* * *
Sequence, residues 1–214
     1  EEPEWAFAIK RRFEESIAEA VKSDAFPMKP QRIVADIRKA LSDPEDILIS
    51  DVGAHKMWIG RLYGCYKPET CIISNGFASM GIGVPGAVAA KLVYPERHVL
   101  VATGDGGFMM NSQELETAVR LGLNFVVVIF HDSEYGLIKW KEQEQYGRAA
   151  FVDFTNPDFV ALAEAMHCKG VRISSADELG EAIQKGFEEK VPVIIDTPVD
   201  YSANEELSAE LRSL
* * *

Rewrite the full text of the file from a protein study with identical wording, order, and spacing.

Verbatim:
Sequence, residues 1–214
     1  EEPEWAFAIK RRFEESIAEA VKSDAFPMKP QRIVADIRKA LSDPEDILIS
    51  DVGAHKMWIG RLYGCYKPET CIISNGFASM GIGVPGAVAA KLVYPERHVL
   101  VATGDGGFMM NSQELETAVR LGLNFVVVIF HDSEYGLIKW KEQEQYGRAA
   151  FVDFTNPDFV ALAEAMHCKG VRISSADELG EAIQKGFEEK VPVIIDTPVD
   201  YSANEELSAE LRSL